should I be doing something?

(16 Posts)
goneHaywire Tue 22-Jan-13 16:51:22

DD was able to hold her head up at birth and rolling over at 2 months.

now at almost 7mo everything seems to have stopped.

she no longer rolls over, can't seem to hold her head up for long, has been having what seemed to be teething pain for months but still no teeth, she bearly responds to her name, cannot sit unaided and isn't babbling (only sqeals or makes gutteral sounds).

I keep getting nhs texts on the developments she should be making each week and she can't do any of it. its starting freak me out.

should I be doing something to encourage/help simulate her development?

she was induced 4 weeks early, does that mean she'll be 4 weeks behind?

LadyMaryQuiteContrary Tue 22-Jan-13 16:55:05

Without meaning to worry you, it's probably best that you pop her to see your GP. It's best that it's checked out and it could be completely normal, but it's better for a doctor to check her over so that he/she can ease your mind. smile

goneHaywire Tue 22-Jan-13 17:03:54

tbh I don't have much faith in my GP. I think he may just fob me off... while I was pregnant the guy told me I had a urine infection and sent me away with anti biotics when in fact I had preclamcia, luckily my midwife picked up on it and sent me to the hospital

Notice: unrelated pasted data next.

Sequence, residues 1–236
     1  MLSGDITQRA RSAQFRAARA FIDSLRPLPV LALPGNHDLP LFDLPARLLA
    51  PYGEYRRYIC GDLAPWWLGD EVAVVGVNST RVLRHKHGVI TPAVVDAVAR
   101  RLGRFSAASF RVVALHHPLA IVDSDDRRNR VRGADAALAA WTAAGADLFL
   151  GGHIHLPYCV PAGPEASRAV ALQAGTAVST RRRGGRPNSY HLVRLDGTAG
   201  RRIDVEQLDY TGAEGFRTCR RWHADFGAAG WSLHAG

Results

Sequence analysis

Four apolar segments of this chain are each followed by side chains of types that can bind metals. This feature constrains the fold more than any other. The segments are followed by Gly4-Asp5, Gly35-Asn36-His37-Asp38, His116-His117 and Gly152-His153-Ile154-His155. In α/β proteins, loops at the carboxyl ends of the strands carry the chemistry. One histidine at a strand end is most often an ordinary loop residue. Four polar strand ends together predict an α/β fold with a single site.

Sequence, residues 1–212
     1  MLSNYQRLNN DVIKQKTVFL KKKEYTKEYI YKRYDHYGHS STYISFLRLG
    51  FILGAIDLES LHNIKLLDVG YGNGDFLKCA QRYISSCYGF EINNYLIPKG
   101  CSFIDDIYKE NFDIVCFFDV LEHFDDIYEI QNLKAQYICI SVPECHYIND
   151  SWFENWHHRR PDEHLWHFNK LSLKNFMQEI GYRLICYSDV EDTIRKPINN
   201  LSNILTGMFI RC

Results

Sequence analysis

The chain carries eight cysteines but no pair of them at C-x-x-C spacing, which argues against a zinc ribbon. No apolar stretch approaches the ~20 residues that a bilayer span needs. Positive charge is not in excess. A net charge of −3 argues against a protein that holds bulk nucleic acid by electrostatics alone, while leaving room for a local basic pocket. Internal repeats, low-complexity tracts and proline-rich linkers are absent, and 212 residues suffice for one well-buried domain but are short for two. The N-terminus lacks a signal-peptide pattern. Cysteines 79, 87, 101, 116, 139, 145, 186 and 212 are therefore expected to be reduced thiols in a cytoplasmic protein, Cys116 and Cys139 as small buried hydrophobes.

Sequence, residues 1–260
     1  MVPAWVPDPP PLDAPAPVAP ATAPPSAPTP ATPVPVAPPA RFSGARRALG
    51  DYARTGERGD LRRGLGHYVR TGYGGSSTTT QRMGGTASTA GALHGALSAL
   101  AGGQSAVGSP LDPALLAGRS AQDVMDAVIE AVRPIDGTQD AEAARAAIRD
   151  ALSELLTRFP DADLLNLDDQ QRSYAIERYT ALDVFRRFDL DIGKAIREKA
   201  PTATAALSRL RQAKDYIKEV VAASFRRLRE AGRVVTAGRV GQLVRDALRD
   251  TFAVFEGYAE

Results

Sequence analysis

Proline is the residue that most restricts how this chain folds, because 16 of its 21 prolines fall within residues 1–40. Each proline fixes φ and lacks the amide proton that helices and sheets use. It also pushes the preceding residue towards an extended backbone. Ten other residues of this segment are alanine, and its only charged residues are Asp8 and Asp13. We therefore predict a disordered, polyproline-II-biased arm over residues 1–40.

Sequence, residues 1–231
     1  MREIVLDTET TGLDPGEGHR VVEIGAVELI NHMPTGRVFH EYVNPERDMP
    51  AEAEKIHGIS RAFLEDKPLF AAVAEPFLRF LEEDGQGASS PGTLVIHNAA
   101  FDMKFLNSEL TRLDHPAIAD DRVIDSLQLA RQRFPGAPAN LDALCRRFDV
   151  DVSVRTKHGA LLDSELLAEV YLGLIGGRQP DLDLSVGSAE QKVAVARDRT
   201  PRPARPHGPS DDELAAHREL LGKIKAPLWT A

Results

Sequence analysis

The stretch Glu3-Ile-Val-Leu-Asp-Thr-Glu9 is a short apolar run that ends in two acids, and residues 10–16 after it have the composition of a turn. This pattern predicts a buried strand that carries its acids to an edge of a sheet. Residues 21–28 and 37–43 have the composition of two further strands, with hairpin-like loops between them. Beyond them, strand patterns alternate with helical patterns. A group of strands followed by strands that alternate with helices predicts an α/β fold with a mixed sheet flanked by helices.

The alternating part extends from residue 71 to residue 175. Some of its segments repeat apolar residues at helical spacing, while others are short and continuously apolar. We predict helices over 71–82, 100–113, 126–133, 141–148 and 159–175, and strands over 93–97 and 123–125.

LadyMaryQuiteContrary Tue 22-Jan-13 17:05:43

shock Goodness! Have you tried contacting your HV? They can be very useful.

lorisparkle Tue 22-Jan-13 17:08:53

I really would see gp and if he is no help ask for a 2nd opinion. if you are concerned sometimes you just have to be a pushy parent. our hv run sessions at our local children's centre might be another avenue.

PerchanceToDream Tue 22-Jan-13 21:42:30

Don't worry about the teething - that's perfectly normal. I think DD started teething at 4/5 months but didn't get her first tooth until 8 months. Then they tend to come in spurts.

Rolling over at 2 months seems very early to me. And strange that she's stopped. Again I don't want to worry you but yes, I'd get that checked out. At least to ease your mind. There might be some underlying health issue.

steppemum Tue 22-Jan-13 22:10:00

I wouldn't worry about her not hitting developmental stages, unless your hv is concerned, all babies are different. But I would worry about her stopping doing things she could do before.

Can you book an appointment with your gp by name? I do this when I want to avoid a particular gp?

goneHaywire Wed 23-Jan-13 13:13:56

just wondering where your DCs spend most of their time during the day? are they seated? on the floor? in a playpen?

DH and I are wondering if DD hasn't just for lazy from being seated in a rocket too much

goneHaywire Wed 23-Jan-13 13:14:28

rocker*

goneHaywire Wed 23-Jan-13 13:18:30

stepmum unfortunately there's only 1 gp at the surgery now. the gp I used to see (i used to ask for her by name) has left and no one seems to know where she's moved to. otherwise I'd have followed her to her new surgery

lorisparkle Wed 23-Jan-13 14:51:21